working together for social inclusion in America

Friday, September 19, 2008

Politics of Bigotry

Why mince words when it comes to the politics of bigotry? The religious right, of which vice-presidential candidate Sarah Palin is an active participant, is committed to depriving homosexuals of equal protection under the law. Anyone who doesn't believe as these religious zealots do are considered agents of Satan, and thus their enemy.

Palin isn't distantly related to these and other intolerant beliefs, she built her entire political career on bigotry and bullying at the behest of cults founded on the psychological abuse of children and political violence against non-believers. McCain's use of her as a titillating sex kitten for right-wing pundits, and as a poster girl for recruiting religious right fanatics known to harass and intimidate political opponents, was a tactical electoral decision.

We've seen this type of political violence before in the anti-immigrant campaign the GOP mounted in 2005, as well as in the GOP-supported violence against American Indians and other environmental activists in the 1990s. As the core constituency comprising US domestic terrorism, the violent religious right is America's greatest threat to democracy and human rights. What's to negotiate with people like that?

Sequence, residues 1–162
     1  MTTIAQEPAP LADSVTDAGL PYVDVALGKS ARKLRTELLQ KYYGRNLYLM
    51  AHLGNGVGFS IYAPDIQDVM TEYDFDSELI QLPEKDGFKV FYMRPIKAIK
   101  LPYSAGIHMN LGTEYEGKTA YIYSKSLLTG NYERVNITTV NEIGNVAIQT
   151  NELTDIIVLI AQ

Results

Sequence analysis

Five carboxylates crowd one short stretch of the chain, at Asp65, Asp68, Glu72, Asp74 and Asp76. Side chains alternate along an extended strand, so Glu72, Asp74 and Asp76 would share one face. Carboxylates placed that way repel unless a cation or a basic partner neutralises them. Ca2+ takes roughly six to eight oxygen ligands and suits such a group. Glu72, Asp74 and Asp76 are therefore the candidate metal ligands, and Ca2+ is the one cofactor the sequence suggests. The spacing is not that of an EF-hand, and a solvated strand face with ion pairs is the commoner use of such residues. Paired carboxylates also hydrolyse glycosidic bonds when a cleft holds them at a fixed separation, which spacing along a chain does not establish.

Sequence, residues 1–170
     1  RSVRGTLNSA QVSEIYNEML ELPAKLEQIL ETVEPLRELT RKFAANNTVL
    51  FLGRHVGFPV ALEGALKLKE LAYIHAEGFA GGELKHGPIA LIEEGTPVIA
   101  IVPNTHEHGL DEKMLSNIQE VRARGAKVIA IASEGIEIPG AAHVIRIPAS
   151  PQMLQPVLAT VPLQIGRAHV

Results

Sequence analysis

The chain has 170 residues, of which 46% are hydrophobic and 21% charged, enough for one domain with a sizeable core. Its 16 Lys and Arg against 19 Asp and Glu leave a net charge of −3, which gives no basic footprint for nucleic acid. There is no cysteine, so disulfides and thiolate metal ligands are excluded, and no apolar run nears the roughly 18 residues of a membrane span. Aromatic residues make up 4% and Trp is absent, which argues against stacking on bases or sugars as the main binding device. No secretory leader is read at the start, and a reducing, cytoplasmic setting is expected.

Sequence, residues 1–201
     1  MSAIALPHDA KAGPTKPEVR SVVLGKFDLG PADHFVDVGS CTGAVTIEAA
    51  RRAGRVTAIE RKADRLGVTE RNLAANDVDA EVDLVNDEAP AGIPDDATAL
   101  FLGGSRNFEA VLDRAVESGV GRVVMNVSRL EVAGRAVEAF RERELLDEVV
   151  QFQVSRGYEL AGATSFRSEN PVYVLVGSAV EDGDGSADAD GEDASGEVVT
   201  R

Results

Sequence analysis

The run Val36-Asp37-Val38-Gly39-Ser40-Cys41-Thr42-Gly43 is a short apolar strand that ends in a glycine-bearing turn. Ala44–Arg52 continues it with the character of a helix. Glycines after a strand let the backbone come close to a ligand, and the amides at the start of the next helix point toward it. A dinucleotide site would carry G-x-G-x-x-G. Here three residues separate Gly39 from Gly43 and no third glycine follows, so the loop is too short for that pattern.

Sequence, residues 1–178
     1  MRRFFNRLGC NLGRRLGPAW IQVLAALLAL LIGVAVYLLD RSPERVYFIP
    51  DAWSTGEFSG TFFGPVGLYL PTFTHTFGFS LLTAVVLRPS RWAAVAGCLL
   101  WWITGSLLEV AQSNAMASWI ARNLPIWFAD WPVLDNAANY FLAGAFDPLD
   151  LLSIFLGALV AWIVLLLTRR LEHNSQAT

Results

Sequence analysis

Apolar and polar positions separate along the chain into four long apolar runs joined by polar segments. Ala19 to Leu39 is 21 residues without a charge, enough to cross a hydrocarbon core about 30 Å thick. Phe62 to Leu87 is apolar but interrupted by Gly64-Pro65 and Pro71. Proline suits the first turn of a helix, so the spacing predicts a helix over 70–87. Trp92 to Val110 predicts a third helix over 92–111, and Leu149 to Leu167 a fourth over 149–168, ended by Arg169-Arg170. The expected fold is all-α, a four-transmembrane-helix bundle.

Thursday, September 11, 2008

A Sacred Mission

Poverty and pollution are not acts of god; they are acts of man. God provided enough water, air and food for everyone to prosper; only by theft are billions deprived.

The fact the United States has a military presence in 90% of the countries on earth is not an accident; theft requires force. Theft also induces resentment and revenge, thus perpetuating the use of force against the many for the prosperity of a few.

Opposing poverty and pollution may be inspired by god, but it is an act of man; as an act of gratitude, it is thus a sacred mission.

Monday, September 01, 2008

Restoring Democracy

Courage is not something often witnessed in America. I thought about that when watching Pakistani lawyers standing up against militarized police protecting the recently resigned tyrant of their country. Can you imagine American lawyers doing that?

Chronicling America's tyranny is good as far as it goes, but bearing witness only does so much. Removing tyranny requires refusing to go along; refusing to participate in criminal enterprise as government, refusing to benefit from militarism.

Everyone has a role to play in restoring democracy to America. All it takes is courage.